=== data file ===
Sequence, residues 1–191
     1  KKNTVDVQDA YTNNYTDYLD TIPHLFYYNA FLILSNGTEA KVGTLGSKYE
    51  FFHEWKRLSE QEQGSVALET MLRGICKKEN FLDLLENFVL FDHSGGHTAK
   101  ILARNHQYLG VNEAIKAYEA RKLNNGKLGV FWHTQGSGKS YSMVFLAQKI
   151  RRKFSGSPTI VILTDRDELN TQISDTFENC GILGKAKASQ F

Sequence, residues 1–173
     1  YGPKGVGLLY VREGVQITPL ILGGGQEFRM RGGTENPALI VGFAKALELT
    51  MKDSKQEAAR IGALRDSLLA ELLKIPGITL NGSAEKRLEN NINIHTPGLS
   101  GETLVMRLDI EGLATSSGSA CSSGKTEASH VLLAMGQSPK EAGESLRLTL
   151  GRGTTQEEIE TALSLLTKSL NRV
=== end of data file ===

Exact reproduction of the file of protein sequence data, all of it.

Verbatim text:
Sequence, residues 1–191
     1  KKNTVDVQDA YTNNYTDYLD TIPHLFYYNA FLILSNGTEA KVGTLGSKYE
    51  FFHEWKRLSE QEQGSVALET MLRGICKKEN FLDLLENFVL FDHSGGHTAK
   101  ILARNHQYLG VNEAIKAYEA RKLNNGKLGV FWHTQGSGKS YSMVFLAQKI
   151  RRKFSGSPTI VILTDRDELN TQISDTFENC GILGKAKASQ F

Sequence, residues 1–173
     1  YGPKGVGLLY VREGVQITPL ILGGGQEFRM RGGTENPALI VGFAKALELT
    51  MKDSKQEAAR IGALRDSLLA ELLKIPGITL NGSAEKRLEN NINIHTPGLS
   101  GETLVMRLDI EGLATSSGSA CSSGKTEASH VLLAMGQSPK EAGESLRLTL
   151  GRGTTQEEIE TALSLLTKSL NRV